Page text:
5. My mind is a much nicer place when I’m on antidepressants.

As thrilled as we are to be expecting a fourth child, the pregnancy has not been easy. My usual first-trimester woes of nausea, fatigue, mood swings, insomnia, and anxiety have been compounded by the necessary weaning off of the antidepressants that have been an actual lifesaver for me over the past three years. I’m confident that purging my body of this medication is in the best interest of our baby, and I’m happy to make the sacrifice, but the brain changes I’ve experienced in the past two months are a keen indicator of the immense difference that medication was making for me. Thankfully, I have not reverted to my 2021 levels of debilitating depression, but my mind has felt foggy and sluggish and my mood is unpredictable, with bouts of sadness pinpricked by moments of intense irritability and even rage. Luke has been my rock in this season, helping me ride out the emotions and reminding me that it won’t be this way forever. No pregnancy has ever gone on indefinitely, and it won’t be long before I am able to return to the medication that keeps me stable. In the meantime I am focusing on the good these changes are doing for our baby, and feeling gratitude for modern medication that (when not pregnant) can help my brain function normally.

6. Gymnastics and ballet in costumes are the cutest!

This semester the twins are participating in their own extracurricular activities for the very first time—Sully in a Superhero Gymnastics class and Kali in a Princess Ballet class—and it has been the cutest thing to watch! All three of my kids love dressing up, and the costume component of these classes has elevated an already fun experience. Seeing them tumble and spin in their darling outfits has been a genuine joy this winter.

7. Short-term challenges work well for me.

I ditched New Year’s resolutions a long time ago, but this year I’m trying something new with small monthly challenges. In January, I did a Read My Shelves book challenge (reading only books that I already owned in Kindle or Print) and it was a success, helping me make a good dent in the books on my physical TBR and freeing me from the pressures of new releases and library holds. In February, I did two challenges: the first was to complete our library’s Winter Bingo, another goal that put some helpful boundaries around my reading. The second was a no-spend challenge in which Luke and I both committed to making zero non-essential purchases for the month. I cheated slightly on that one when I bought the twins souvenirs from Legoland, but minus that one exception, I bought nothing but groceries and necessary home supplies this month. It felt good to save some money and pinpoint areas where I was making unnecessary purchases. (I’m not a big spender, but those Kindle deals and discount kids clothes can really get me!) I haven’t committed to specific challenges for the remaining ten months of this year, but I am really liking the shorter time frame and specificity of these challenges that can lead to helpful insights and potentially lasting habit change.

The twins got Blackout Bingos on their Challenges and I *almost* did—just missed the Adult Craft Night that was scheduled on a night I sadly could not attend.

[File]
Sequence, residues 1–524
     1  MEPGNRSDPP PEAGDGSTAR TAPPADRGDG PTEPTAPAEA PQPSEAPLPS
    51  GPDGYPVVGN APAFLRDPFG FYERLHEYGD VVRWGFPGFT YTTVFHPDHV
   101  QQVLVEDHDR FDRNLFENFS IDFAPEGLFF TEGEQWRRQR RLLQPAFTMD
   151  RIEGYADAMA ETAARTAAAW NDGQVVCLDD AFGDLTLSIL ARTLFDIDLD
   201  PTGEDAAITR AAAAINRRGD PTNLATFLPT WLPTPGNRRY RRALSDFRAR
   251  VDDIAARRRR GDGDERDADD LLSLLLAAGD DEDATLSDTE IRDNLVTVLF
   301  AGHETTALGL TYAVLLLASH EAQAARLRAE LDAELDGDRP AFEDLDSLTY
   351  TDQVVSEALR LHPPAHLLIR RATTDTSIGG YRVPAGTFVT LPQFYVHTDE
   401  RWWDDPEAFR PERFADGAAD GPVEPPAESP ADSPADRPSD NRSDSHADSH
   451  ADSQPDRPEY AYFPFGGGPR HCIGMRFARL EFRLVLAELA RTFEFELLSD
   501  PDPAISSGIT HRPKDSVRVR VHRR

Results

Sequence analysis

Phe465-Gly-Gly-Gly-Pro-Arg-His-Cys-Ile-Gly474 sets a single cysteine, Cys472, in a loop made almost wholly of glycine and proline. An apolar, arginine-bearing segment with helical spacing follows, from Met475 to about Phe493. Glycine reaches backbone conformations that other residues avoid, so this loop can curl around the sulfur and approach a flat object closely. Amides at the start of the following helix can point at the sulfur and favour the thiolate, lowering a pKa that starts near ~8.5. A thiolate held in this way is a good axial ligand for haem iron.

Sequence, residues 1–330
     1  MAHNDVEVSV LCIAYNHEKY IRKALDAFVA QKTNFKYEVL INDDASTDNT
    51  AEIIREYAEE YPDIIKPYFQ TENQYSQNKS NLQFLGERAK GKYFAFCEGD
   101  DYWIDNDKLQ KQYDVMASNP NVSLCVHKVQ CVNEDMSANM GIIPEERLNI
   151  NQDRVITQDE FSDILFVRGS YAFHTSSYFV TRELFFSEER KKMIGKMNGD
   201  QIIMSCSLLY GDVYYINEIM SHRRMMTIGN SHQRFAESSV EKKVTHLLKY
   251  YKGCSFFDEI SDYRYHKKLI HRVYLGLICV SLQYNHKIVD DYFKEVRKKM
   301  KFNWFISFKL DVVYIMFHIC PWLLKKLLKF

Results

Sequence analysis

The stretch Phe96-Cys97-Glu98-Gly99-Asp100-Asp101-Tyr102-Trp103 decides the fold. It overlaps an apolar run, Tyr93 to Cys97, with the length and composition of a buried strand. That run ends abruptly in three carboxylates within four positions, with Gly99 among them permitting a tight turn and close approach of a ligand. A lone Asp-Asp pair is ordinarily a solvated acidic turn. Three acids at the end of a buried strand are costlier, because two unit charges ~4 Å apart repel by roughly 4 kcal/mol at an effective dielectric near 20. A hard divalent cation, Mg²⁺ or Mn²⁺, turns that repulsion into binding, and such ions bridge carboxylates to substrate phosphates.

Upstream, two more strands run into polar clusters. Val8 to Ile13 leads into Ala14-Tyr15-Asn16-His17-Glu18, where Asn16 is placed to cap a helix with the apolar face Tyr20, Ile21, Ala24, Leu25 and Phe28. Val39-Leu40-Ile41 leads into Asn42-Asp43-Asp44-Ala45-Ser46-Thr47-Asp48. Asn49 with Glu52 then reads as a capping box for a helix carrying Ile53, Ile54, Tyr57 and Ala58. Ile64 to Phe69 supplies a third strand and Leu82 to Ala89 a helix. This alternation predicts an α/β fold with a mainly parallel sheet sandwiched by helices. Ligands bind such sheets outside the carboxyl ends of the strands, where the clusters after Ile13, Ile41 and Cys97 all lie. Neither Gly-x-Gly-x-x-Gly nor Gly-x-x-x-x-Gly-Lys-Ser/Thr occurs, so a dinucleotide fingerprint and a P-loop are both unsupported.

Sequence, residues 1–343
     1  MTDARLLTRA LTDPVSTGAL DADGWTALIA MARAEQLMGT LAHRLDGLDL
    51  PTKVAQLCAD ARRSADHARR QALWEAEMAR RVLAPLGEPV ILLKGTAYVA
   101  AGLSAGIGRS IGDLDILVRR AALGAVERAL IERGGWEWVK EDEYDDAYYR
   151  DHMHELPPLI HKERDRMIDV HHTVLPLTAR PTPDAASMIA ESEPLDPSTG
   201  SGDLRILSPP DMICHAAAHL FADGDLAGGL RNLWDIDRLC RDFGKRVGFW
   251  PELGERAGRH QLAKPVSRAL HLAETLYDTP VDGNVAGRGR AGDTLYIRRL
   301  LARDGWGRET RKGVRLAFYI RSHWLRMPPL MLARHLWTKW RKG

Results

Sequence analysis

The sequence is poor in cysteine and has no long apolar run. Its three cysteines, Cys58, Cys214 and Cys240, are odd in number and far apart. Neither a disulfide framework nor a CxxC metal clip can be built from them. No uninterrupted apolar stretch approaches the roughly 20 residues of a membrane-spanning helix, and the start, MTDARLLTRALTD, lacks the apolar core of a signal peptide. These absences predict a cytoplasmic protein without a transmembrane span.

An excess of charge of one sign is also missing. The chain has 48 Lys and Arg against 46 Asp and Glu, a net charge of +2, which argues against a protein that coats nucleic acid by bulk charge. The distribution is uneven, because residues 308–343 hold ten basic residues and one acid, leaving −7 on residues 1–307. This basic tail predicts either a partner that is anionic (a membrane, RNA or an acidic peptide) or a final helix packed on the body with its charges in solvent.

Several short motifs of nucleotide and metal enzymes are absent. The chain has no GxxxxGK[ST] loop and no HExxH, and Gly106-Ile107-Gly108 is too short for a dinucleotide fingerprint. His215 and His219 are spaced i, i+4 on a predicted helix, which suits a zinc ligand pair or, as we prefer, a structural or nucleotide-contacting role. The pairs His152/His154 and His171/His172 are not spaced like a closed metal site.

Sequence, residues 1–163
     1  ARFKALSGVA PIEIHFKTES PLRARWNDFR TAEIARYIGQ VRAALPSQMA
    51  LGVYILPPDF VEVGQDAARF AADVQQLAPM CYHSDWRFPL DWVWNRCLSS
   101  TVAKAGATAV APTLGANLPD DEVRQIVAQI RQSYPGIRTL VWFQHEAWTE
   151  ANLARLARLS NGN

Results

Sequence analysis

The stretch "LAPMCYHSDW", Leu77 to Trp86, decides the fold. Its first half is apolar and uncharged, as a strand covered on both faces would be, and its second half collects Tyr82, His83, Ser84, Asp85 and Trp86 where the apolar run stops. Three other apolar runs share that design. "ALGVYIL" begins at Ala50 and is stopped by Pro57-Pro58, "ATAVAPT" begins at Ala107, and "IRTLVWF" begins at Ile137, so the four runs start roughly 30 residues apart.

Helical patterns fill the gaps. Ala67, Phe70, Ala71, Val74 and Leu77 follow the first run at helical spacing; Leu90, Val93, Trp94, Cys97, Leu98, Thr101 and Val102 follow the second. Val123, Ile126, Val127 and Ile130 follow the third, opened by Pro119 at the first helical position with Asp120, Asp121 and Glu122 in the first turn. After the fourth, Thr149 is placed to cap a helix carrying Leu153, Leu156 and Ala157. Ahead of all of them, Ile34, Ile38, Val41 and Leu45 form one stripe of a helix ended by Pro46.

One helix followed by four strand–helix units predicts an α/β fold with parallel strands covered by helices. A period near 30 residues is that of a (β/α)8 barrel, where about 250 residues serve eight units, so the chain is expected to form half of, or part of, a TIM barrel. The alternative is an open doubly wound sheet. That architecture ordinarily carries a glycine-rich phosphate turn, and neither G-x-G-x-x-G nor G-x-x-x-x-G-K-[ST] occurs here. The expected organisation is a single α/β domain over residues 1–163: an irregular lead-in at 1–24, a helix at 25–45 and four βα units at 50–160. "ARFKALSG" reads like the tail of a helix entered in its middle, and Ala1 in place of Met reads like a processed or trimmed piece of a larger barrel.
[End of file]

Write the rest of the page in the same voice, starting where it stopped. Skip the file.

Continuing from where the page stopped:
8. Life is so fragile and can change in an instant.

On February 8 (one day after Luke’s fortieth birthday), he and Charleston were rear-ended when Luke stopped for a school bus on a busy highway. It was not a pretty accident: Luke’s truck was badly damaged and the SUV that rear-ended him is totaled. Charleston got a gash in the back of his head that required stitching, and Luke’s back may never be the same (thank goodness he has a great chiropractor). Navigating insurance has been a nightmare for poor Luke, and he and Charleston are still pretty shaken up three weeks later. But it could have been so much worse! I hate that they experienced this accident AND I am thankful for the Lord’s protection over them in what could easily have been a fatal accident if circumstances were just slightly different. Their experience (like Oma’s passing at the start of the season) brought home the fragility of this life and enhanced my appreciation for every moment that we are all safe and healthy.

9. Traveling with one kid is so easy!

Charleston and I traveled to California in late January to participate in my grandmother’s memorial. (I’ll be sharing all the details of that trip in Thursday’s Lately post!) We had a fantastic time with my parents, and in addition to the many great memories we formed together, I came away from the trip with an awed awareness at the simplicity of traveling with just one (mature, well-behaved) child. From packing and navigating the airport, to making entertainment choices and figuring out meals and sleeping arrangements, everything was just so simple. I love that our family does most things as a complete unit. (Another big takeaway from the trip was how crazy I am about all of my kids—I missed the twins massively while we were apart!) But there’s really something to be said for simplifying things with different arrangements every once in a while.

And now it’s your turn: what is something you learned this winter? Do you, like me, have seasons when learning comes easily and seasons when it’s harder to find the significance? Why do you think that is? Let’s compare notes in the comments!